There is no market for a $650 e-reader.
That was the inevitable conclusion reached by chip-maker Plastic Logic, which announced this week that its Que e-reader will never see the light of day.
The device, which has been widely admired, was in development for years, and was well received when the company showed it off at the Consumer Electronics Show this January. The 8.5 x 11 inch device was scheduled to ship in April but was delayed until later in the year. Plastic Logic stopped taking orders in June, and now it has officially killed the Que.
"We recognize the market has dramatically changed, and with the product delays we have experienced, it no longer makes sense for us to move forward with our first-generation electronic reading product," said CEO Richard Archuleta. "This was a hard decision, but is the best one for our company, our investors and our customers."
The super-thin reader -- it's 1/3 inch thick - was targeted at business users, and Plastic Logic tried to distinguish its product from readers like Amazon's Kindle by branding it a "pro-reader." The idea, said the company, was to replace a business traveler's briefcase with a Que, which would have allowed users to access and edit Microsoft Office files and PDFs. It also had content partnerships in place with the Wall Street Journal and Financial Times, among others.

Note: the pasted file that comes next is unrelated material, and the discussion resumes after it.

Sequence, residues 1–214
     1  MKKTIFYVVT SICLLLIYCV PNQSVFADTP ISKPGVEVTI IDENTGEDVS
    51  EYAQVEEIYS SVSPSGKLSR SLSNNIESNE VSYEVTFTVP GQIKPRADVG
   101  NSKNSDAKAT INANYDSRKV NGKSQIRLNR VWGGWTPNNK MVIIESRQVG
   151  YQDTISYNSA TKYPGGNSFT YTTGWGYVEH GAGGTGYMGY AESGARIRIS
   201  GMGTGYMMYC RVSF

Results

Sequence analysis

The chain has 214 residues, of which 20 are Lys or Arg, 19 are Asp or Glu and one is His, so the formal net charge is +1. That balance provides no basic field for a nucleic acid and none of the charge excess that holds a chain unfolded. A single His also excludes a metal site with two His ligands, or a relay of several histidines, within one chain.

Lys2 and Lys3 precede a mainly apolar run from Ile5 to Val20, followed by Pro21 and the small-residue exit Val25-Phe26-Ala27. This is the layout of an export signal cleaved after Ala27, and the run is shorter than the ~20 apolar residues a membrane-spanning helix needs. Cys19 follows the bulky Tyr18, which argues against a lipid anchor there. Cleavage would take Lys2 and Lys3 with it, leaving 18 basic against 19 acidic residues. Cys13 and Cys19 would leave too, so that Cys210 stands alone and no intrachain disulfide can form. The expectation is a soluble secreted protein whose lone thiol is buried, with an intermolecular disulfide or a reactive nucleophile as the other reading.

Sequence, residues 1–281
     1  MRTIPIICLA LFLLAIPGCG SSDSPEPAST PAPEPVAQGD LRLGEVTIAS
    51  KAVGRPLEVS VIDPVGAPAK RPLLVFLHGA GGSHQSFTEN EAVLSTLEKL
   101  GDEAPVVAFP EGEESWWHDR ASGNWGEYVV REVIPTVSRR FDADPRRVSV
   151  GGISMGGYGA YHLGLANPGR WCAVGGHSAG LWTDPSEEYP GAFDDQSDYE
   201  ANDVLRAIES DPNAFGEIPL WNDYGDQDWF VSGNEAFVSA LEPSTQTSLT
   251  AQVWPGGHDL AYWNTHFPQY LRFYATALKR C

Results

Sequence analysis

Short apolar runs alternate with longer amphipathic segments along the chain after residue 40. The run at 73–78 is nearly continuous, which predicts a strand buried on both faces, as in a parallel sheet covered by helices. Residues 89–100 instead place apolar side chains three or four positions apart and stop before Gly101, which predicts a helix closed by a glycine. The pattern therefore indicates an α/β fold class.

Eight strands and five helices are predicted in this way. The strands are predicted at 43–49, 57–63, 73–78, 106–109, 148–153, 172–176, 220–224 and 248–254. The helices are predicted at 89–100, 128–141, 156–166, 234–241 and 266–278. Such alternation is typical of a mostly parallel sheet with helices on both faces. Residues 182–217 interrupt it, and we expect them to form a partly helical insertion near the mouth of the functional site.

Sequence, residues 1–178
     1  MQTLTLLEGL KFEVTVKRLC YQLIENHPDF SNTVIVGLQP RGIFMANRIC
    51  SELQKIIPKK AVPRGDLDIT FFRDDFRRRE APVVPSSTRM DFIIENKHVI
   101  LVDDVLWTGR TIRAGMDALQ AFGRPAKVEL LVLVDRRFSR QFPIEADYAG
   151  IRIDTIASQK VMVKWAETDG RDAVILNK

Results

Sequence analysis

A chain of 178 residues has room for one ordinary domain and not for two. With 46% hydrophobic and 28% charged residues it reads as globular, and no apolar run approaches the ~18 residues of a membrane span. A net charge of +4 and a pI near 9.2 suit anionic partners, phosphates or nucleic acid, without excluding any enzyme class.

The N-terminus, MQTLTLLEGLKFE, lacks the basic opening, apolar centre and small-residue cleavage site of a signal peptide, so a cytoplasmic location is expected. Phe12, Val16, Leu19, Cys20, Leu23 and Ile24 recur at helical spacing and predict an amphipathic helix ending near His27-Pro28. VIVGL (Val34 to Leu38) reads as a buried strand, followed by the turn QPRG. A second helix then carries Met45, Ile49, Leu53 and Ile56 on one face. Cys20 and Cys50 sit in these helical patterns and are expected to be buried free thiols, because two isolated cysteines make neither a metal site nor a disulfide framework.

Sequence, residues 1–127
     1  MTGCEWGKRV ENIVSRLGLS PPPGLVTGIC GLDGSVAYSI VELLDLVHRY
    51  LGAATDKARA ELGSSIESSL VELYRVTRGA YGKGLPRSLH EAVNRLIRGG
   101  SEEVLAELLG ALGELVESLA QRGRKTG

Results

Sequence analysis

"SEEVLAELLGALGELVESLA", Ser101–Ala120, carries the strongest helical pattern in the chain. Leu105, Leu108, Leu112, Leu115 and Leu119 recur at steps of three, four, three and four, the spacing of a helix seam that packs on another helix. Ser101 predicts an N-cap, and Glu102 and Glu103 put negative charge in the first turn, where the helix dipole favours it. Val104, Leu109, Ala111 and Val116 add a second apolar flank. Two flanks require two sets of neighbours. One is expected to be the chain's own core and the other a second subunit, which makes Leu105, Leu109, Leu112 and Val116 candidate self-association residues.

But $650 for a 4GB e-reader, or $800 for an 8GB version, seemed steep when the device was unveiled, and following the recent e-reader price cuts the prospects looked dim. Once more than $350, a Wi-Fi-only Kindle can be had for $139. You can pick up a 3G-enabled Barnes & Noble's Nook for $199 ($149 for Wi-Fi only), and the Sony Reader is similarly priced.
The iPad's runaway success, though, was probably the nail in the coffin. If you can get a fully functional tablet computer for $499, paying $150 more for a device with much more limited functionality, no matter how nicely designed it is, isn't much of an option.
But Plastic Logic says it doesn't plan to throw in the towel just yet, though Archuleta's promise is a bit vague: "We plan to take the necessary time needed to reenter the market as we refocus, redesign and retool for our next generation pro-reader product. We continue to perfect our core plastic electronic technology and manufacturing processes that are central to our product's unique value proposition."Plastic Logic is owned by a group of venture capital firms. On Sunday, the Financial Times reported that Rusnano, a state-owned Russian nanotechnology company, is in talks to take a controlling interest in Plastic Logic.